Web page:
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Pilot to help vulnerable victims and witnesses attending court

Vulnerable victims and witnesses who need to attend court will benefit from a new service helping them understand the criminal justice system and ensure their voices are heard.

The Office of the Police and Crime Commissioner for Dorset has received Home Office funding to set up and run a pilot for a new Complainant Liaison Officer (CLO) role.

The role will be based inside court buildings in Dorset from Wednesday 17 July to help vulnerable victims of crime and witnesses understand the trial process, in addition to services already provided by the Dorset Police Witness Care Unit and Citizens Advice Witness Service.

Dorset Police and Crime Commissioner Martyn Underhill said: “Victims of crime have already suffered, and may have experienced traumatic incidents which they are being asked to relive in the courtroom.

“Many honest law-abiding people will have only ever seen a courtroom on the TV before, and a lot of people find the whole process baffling and intimidating. This new role will provide a friendly face who is there for them and a reassuring voice who can guide them through the process, explain what’s going on and make them feel more confident before, during and after their case.”

The service cannot provide legal advice, but will be able to help by providing information to make them feel supported and reassured. This can include an explanation of potentially confusing legal terms, understanding the court process and why trials may take time to come to a conclusion.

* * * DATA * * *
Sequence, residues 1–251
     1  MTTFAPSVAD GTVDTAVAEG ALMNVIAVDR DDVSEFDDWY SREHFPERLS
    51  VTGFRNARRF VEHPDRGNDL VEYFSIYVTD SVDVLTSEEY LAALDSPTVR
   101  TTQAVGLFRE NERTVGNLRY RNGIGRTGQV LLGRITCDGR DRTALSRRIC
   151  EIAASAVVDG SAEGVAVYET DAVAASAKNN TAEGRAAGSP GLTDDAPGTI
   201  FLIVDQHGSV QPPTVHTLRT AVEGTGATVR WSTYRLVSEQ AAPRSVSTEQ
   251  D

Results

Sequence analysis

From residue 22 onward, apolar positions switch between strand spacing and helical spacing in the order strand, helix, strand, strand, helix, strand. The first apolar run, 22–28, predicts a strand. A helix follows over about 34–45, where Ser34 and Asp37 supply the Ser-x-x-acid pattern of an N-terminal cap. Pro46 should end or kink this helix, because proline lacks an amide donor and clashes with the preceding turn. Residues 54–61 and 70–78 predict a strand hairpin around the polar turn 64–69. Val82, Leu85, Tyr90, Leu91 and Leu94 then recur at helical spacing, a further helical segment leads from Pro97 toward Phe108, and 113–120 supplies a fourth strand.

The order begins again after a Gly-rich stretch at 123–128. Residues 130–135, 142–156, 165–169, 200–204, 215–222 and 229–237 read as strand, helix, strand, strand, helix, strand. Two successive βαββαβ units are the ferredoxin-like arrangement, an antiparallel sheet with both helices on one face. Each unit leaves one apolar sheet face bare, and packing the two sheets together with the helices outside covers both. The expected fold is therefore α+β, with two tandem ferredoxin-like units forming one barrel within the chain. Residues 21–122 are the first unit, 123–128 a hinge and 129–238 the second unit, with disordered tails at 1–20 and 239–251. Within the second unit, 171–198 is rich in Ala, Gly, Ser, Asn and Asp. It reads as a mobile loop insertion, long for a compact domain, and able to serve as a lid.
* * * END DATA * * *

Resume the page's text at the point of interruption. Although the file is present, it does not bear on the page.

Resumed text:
This will help vulnerable victims and witnesses feel more supported and less afraid to attend court, more confident about giving evidence to help secure convictions, and will boost people’s satisfaction in the criminal justice system.

The post has been set up following a commitment from Martyn Underhill, and OPCC staff carried out extensive work to develop the role, working closely with partners including the Dorset Victims’ Bureau, the Crown Prosecution Service, HM Courts and Tribunals Service and the judiciary.

Dorset PCC Martyn Underhill said: “The court system is complicated, with lots of terminology that seems impenetrable, but witnesses and victims of crime shouldn’t feel like they are outsiders – they are in fact the most important people in the courtroom and this new role is there to make sure they are empowered.

“This is exactly the sort of area in which Police and Crime Commissioners can make a difference – working together with criminal justice agencies to develop new and innovative approaches to victim care. This pilot will, hopefully, prove a concept that could benefit people all across the country.”

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